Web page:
In reviewing an arbitrator's interpretation of a collective bargaining agreement, the Authority applies the [ v63 p126 ] deferential standard of review that federal courts use in reviewing arbitration awards in the private sector. See 5 U.S.C. § 7122(a)(2); AFGE, Council 220, 54 FLRA 156, 159 (1998). Under this standard, the Authority will find that an arbitration award is deficient as failing to draw its essence from the collective bargaining agreement when the appealing party establishes that the award: (1) cannot in any rational way be derived from the agreement; (2) is so unfounded in reason and fact and so unconnected with the wording and purposes of the collective bargaining agreement as to manifest an infidelity to the obligation of the arbitrator; (3) does not represent a plausible interpretation of the agreement; or (4) evidences a manifest disregard of the agreement. See United States Dep't of Labor (OSHA), 34 FLRA 573, 575 (1990). The Authority and the courts defer to arbitrators in this context "because it is the arbitrator's construction of the agreement for which the parties have bargained." Id. at 576.
The Agency argues that the Arbitrator's award is in "manifest disregard" of Article 33, § 3 of the parties' agreement because § 3 "plainly states that the proper procedure" for remedying safety hazards is to "call attention to alleged unsafe or unhealthful conditions and request an inspection of such conditions by Safety Services or the OOC." Exceptions at 12 (quoting Exceptions, Attach. V, J. Ex. 1 at 91). However, the full language of § 3, states that the Union "may call attention to alleged unsafe or unhealthful conditions and request an inspection of such conditions by Safety Services or the OOC." Id., Attach. V, J. Ex. 1 at 91 (emphasis added). The use of the word "may" does not establish that the Union was required to request an inspection, or that the Union's only course of action was to request an inspection. Compare AFGE, Locals 3807 & 3824, 55 FLRA 1, 2 (1998) (finding that the word "may" did not impose a mandatory duty) with IFPTE, Local 29, Goddard Eng'rs, Scientists & Technicians Ass'n, 61 FLRA 382, 384 (2005) (finding that the use of the word "shall" indicates that an action is mandatory). Consequently, the Agency has not demonstrated that the Arbitrator's interpretation of the parties' agreement is irrational, implausible, unfounded, or in manifest disregard of the parties' agreement. See United States Dep't of Transp., FAA, 63 FLRA 15, 18 (2008). Accordingly, we deny the exception. [n3]
The Agency's exceptions are denied.
Article 33. WORKING CONDITIONS
Section 1. The Parties acknowledge that the Congressional Accountability Act of 1995 (CAA) authorizes the Office of Compliance (OOC) to enforce Occupational Safety and Health Administration (OSHA) health and safety standards at the Library. The Parties further acknowledge that the CAA provides that the Library and its employees are covered by and shall be afforded the rights and protections therein.
Section 2. The Library agrees to provide a safe and healthful work environment for its employees. This shall be accomplished through the provision of a work environment that is free from recognized hazards that are likely to cause death or physical harm. The Library shall take whatever actions are necessary, including requests to the Architect of the Capitol (AOC) and Congress, to remedy any serious unsafe or unhealthful condition. Such remedy shall be in accordance with the CAA. Each employee shall comply with occupational safety and health standards and all rules, regulations, and orders issued pursuant to the CAA that are applicable to his/her own actions and conduct.
Section 3. The Library shall promptly investigate employee reports of unsafe or unhealthful working conditions that pose a threat or danger to the health and safety of employees. Any employee or representative of employees may call attention to alleged unsafe or unhealthful conditions and request an inspection of such conditions by Safety Services or the OOC . . . . Timely response and reporting of investigations shall be in accordance with the CAA.
. . . .
[ v63 p127 ] Section 8. The Library agrees to take all necessary actions within its control to provide a reasonable degree of fire safety in Library buildings and structures. These actions may include requests to the Congress and AOC for funding and authorization to correct structural and other problems associated with life, safety, and fire protection in the Library buildings and structures.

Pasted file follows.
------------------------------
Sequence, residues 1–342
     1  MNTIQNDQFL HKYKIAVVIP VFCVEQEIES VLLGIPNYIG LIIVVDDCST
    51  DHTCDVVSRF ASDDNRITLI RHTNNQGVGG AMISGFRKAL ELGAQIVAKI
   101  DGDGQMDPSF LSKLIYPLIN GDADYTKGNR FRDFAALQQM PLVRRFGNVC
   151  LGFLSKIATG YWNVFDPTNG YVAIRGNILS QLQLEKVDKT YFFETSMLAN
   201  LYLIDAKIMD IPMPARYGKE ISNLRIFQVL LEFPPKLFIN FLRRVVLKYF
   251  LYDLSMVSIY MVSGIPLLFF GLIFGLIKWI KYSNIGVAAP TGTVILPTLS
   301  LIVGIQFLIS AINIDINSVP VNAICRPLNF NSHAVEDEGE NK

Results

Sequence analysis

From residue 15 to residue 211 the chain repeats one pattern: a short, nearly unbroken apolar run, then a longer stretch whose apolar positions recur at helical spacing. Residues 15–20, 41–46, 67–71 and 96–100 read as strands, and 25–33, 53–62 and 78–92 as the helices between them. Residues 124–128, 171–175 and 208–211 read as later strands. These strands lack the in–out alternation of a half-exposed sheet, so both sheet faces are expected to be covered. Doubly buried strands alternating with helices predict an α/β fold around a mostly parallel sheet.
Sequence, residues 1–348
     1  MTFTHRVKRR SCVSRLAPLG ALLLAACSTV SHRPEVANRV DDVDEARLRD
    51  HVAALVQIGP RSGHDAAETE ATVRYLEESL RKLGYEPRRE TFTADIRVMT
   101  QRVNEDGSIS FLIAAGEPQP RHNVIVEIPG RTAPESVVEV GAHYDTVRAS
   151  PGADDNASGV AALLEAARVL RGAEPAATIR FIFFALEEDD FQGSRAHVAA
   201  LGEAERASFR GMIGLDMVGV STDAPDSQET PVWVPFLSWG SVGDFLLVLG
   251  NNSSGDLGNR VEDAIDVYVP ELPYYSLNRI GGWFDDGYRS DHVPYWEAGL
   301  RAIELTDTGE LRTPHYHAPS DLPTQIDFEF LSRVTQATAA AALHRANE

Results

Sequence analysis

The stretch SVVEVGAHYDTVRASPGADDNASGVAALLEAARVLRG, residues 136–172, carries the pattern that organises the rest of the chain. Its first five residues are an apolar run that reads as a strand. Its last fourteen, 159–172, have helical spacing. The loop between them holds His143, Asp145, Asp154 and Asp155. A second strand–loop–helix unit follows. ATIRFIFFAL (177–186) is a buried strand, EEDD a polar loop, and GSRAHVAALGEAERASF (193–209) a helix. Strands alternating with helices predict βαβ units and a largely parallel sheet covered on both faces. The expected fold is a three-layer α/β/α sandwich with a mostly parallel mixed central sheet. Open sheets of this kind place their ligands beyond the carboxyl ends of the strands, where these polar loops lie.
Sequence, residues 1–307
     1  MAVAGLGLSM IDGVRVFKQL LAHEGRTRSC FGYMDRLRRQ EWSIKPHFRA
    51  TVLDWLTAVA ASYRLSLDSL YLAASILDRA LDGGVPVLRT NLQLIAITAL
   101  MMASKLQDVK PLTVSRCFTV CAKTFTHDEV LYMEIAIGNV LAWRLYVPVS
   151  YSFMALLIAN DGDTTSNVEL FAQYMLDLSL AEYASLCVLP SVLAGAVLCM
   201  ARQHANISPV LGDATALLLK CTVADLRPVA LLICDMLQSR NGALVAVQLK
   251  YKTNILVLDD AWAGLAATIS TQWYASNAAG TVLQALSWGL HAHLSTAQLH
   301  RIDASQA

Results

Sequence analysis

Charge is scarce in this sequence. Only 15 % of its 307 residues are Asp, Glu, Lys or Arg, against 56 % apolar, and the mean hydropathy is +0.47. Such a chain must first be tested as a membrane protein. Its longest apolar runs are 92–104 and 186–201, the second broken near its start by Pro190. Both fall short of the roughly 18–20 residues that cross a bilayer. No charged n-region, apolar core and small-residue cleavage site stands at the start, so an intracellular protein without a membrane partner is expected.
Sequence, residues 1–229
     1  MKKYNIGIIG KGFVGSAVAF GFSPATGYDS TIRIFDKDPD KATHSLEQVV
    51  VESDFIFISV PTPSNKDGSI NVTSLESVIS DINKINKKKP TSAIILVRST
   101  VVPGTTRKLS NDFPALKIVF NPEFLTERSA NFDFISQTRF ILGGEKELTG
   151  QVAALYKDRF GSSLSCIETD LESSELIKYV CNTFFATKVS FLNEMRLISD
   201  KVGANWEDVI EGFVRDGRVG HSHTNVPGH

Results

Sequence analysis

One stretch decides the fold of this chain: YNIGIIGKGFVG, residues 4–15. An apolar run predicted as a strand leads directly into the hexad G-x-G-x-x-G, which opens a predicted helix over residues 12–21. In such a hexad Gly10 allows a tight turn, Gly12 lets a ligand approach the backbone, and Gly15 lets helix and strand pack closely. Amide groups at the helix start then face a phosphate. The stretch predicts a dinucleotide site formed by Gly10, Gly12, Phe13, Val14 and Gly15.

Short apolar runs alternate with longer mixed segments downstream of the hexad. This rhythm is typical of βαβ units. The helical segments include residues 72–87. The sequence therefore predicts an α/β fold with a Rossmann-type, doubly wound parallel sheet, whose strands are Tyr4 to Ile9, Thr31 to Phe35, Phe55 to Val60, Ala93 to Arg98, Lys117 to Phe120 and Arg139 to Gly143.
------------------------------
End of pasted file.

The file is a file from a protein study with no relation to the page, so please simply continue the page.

Exceptions, Attach. V, J. Ex. 1 at 91-93.
Article 36. NEGOTIATED GRIEVANCE PROCEDURE
Section 1. The purpose of this article is to provide for a mutually acceptable procedure for the prompt and equitable settlement of grievances. This shall be the exclusive procedure available to all members of the bargaining unit, either individually or jointly, and to the Guild in its own name and on behalf of the bargaining unit and to the Library for matters which fall within its coverage.
A grievance is any complaint:
a. by an employee concerning any matter relating to a condition of employment of the employee;
b. by the Guild concerning any matter relating to a condition of employment;
c. by an employee or the Guild concerning:
1. the effect or interpretation or a claim of breach of this Agreement, or
2. any claimed violation, misinterpretation, or misapplication of any law, rule, or regulation affecting conditions of employment[.]
Id. at 107.
Article 37. ARBITRATION
Section 5. The arbitrator shall have no authority to change, modify, alter, subtract from, or add to, the provisions of this Agreement.
Id. at 113.
Footnote # 1 for 63 FLRA No. 48 - Authority's Decision
Footnote # 2 for 63 FLRA No. 48 - Authority's Decision
The Arbitrator noted that the Union filed a separate grievance over the Agency's denial of the information request, in which the Union asked for clarification on the Agency's position on whether the Union properly could file a grievance on unsafe working conditions. Award at 11-12. After the Agency denied the request, the Union filed a grievance and subsequently invoked arbitration. As the Union withdrew the grievance on the day of the hearing in this case, the Arbitrator found that nothing prevented her from deciding whether the Union had a right to file the grievance. See id. at 12.
Footnote # 3 for 63 FLRA No. 48 - Authority's Decision
Member Beck notes that the stipulated issue here was whether "the Union's grievance to enforce Article 33, Sections 1, 2 and 8, [was] appropriate in the circumstances of this case?" Award at 2 (emphasis added). However, the Arbitrator's award directs the Agency to post a "Notice to Employees" stating that it will not assert that the grievance procedure is an inappropriate way to address safety violations "if the [Union] files such a grievance" in the future. Id. at 22. Member Beck notes that this remedy is prospective in nature and exceeds the stipulated issue presented to the Arbitrator. Since the Agency does not assert that the remedy exceeds the Arbitrator's authority, in this regard, Member Beck notes that issue is not properly before the Authority.